It was hard to believe that college move-in day had finally arrived. I was excited for taking my first assistive technology course, making friends in my classes, and being right outside of Washington, DC. However, I was less excited about moving into my dorm and unpacking everything. Luckily, my mom, dad, and (teenage) brother helped to make sure everything went smoothly, and we seemed to be professionals by the time I moved in sophomore year. Here is how we executed moving in to my dorm without losing our minds. Please note that I live in a single room, meaning no roommate, with a suite style bathroom shared with 1-3 people.
Does it make sense to buy things in advance?
I was going to be attending a school in my state that was several hours away, and we were driving to get there. It made sense to buy most items at stores in my town, but we waited to buy bulkier items like my mini fridge and desktop computer (more on why I brought a desktop computer here) until we got to the school. Many of the items were purchased on college move-in day, and others were purchased a few days later.
So, what’s in the car?
I have a list of everything I bought for college here (but not all of this was purchased before college move-in day). The items that came with me in the car freshman year were clothes, items for my bed, desk items (no electronics), bathroom items, closet items, a TV stand, and that was about it. Read about all of the technology in my dorm room here. For ten uncommon/”weird” items I brought to college, read this post here.
We took two cars when we traveled to campus for college move-in day, which is a 2.5-5 hour drive depending on traffic. Everything managed to fit in two cars. Everything could have fit in one car, but then people wouldn’t have fit. Note that I was not going to have a car on campus, as I don’t have a driver’s license- read how I travel by public transportation here.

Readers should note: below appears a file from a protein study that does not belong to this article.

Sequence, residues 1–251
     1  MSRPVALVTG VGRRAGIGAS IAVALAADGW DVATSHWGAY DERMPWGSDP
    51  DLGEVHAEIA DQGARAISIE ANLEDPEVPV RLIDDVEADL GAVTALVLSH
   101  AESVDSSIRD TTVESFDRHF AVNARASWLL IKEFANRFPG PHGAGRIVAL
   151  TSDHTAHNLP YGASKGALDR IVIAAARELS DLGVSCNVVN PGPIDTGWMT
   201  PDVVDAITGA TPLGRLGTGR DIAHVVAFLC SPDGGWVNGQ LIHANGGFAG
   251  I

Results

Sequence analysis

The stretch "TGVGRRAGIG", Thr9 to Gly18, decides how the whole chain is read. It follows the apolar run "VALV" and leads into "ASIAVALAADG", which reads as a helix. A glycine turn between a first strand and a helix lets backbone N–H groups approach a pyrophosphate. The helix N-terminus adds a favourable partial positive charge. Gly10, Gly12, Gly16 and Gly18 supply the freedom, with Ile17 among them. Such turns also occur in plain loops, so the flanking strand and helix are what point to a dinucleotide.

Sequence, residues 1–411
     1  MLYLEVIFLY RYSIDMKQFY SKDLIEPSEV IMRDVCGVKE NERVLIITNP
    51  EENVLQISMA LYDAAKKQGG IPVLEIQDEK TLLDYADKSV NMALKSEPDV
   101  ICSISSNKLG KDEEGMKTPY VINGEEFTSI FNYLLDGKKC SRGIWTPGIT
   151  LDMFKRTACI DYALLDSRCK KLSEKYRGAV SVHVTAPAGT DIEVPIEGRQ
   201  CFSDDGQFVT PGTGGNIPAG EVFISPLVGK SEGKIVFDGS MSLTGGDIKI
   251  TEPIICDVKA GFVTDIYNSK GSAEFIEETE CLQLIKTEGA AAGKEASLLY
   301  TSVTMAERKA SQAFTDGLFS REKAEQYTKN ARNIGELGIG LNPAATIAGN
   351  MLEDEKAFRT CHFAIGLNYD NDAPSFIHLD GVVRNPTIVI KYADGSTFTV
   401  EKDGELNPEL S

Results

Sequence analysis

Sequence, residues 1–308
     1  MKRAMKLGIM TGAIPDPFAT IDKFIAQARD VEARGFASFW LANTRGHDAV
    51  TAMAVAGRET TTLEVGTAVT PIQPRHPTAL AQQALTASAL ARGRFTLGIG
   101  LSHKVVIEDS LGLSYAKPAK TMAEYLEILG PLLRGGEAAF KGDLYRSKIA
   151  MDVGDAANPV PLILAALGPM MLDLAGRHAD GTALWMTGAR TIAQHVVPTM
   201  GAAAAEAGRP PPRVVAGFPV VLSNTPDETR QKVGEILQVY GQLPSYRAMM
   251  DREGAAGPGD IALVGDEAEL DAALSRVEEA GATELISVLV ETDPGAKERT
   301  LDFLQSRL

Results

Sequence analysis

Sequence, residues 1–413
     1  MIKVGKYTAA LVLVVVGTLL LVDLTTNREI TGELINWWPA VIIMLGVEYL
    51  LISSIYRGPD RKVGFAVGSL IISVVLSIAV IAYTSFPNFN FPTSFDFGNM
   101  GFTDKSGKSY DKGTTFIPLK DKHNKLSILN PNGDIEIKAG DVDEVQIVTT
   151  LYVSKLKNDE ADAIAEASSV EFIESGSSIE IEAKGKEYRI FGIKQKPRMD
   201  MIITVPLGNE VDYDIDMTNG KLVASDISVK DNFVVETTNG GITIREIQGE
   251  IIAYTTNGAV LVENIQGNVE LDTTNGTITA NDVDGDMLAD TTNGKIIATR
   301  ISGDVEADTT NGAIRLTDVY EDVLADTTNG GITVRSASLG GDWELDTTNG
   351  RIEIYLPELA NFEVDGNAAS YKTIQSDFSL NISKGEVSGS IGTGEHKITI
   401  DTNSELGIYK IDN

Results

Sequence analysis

We packed everything in clear plastic boxes to save space and to cut down on waste. Each container was labeled with my name, building, and room number. Even the trash can had a label on it. We didn’t want to worry about things going missing, and nothing did. There were garbage cans in the dorm lobby and places outside to put cardboard and other recyclable items, if needed.
For college move-in day, my college has student volunteers that bring bulky items up to the room. This is an awesome resource, and we really appreciated having them available. Check on the housing website when they will be available- usually, there is a time for each building/floor.
Locate the nearest entrance/exit to your room
I lived on the first floor my sophomore year, and we discovered I was right next to an exit door, right across the street from where we had parked. I sat by the door and opened it as my parents made trips out to the car, so we didn’t have to walk all the way around the building.
Unpack bed items first
Right after we got into the room and finished room inspection, my mom set up my bed so I could lie down on it while other things were unpacked. I have a chronic migraine condition and had a migraine coming on by the time we got to the dorm. It felt amazing to be able to rest without feeling overwhelmed about unpacking my bed. Read more about my college bed here.
Take measurements of everything
My brother measured the walls, floor space, desk, bed, closet, window and more so we knew what sized items would fit and how much space I have. My freshman dorm room size rivaled a small closet, as no more than two people could stand in it at the same time, and my sophomore/upperclassmen dorm room was huge!
My resident advisor, or RA, came to visit all of the rooms on move-in day in case we had any questions. This was really helpful when we couldn’t figure out how to work the school-provided vacuum. The RAs in freshmen housing also did a program for the parents later in the evening to answer any questions.
The reason my sophomore year move-in went so smoothly is because we rented a storage unit, located about ten minutes from campus, and put a lot of items in there at the end of the year. We only had to drive up one car as a result.
Move-in can be very stressful, since dorm rooms can be much smaller than they appear, like my freshman dorm, or much larger than they appear, like my upperclassmen dorm. Just take things one at a time, and remember everything does not need to be unpacked, or purchased, all at once.